Background: This website compares states by what types of energy they rely on. It breaks down the percentages per state and allows us to look at all the states side by side and see how they compare. It then lists the states that are the cleanest and the dirtiest.

How I used it: The percentage of emissions each fossil fuel is responsible for was unknown to me before reading this article. I have learned which energy sources are better than others. 

Background: Even though electric cars run on electricity, they will still end up releasing pollutants. Zero-emissions vehicles, ZEVs, will reduce CO2 emissions more than gas cars, but they will only reduce it by 1% of the total U.S. energy-related forecast by 2050. Billions of dollars are being spent on reducing the number of internal combustion cars on the road. However, this is a waste of money as ZEVs do not offer the benefit we initially thought. Internal combustion cars will continue to advance and get their emission rates even lower.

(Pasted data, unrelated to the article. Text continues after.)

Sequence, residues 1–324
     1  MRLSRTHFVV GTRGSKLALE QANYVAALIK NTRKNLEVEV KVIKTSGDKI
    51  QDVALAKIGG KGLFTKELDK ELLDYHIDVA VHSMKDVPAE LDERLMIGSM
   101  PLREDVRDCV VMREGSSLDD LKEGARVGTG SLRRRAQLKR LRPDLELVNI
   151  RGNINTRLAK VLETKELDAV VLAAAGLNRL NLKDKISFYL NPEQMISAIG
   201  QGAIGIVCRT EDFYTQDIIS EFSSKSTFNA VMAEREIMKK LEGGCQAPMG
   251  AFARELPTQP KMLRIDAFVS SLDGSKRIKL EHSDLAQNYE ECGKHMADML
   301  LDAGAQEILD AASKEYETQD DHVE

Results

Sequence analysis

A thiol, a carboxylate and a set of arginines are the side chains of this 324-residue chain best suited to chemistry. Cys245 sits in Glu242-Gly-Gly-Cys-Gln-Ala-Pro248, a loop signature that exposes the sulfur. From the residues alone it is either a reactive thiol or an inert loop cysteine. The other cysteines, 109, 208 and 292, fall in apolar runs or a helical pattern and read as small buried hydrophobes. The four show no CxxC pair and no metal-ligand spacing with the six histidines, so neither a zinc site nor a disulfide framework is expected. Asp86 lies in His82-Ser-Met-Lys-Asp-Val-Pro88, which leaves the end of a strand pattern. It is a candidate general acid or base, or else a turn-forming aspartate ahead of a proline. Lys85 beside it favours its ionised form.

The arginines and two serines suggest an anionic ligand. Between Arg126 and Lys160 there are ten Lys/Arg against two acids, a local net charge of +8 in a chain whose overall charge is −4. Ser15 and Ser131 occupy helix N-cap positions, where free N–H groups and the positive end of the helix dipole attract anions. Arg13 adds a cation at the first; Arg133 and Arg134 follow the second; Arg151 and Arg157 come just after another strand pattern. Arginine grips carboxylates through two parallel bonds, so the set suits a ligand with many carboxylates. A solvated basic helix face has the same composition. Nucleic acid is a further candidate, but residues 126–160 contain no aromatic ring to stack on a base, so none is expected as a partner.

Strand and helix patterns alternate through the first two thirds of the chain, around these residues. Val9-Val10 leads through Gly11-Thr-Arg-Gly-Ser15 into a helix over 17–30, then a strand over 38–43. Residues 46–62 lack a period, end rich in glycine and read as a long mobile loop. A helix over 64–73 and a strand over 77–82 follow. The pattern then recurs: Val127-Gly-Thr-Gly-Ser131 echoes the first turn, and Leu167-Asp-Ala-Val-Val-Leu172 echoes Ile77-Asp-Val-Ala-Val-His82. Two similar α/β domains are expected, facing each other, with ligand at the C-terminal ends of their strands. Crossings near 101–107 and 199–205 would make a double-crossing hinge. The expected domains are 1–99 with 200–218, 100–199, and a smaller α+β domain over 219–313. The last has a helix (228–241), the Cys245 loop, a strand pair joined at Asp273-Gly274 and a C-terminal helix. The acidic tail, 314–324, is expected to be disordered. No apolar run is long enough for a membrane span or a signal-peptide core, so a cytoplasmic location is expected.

How I used it: The newer internal combustion engines have become more environmentally friendly. This makes them competitors in the eco-friendly car race.

Background: Car companies are trying to sell ZEVs and convince consumers that they are the best and only environmentally friendly cars on the market. Mazda has been trying to create a new type of internal combustion engine cleaner than an electric car based on the latest technology. Their Skyactiv-3 will turn its fuel energy into power instead of it going to waste due to heat loss. Since the energy in electric cars comes from burning fossil fuels, this new car will produce fewer emissions as the power will be recycled.

How I used it: EVs are no longer the best car on the market for reducing emissions. The newly made gas-powered vehicles will be just as good as EVs in a few years.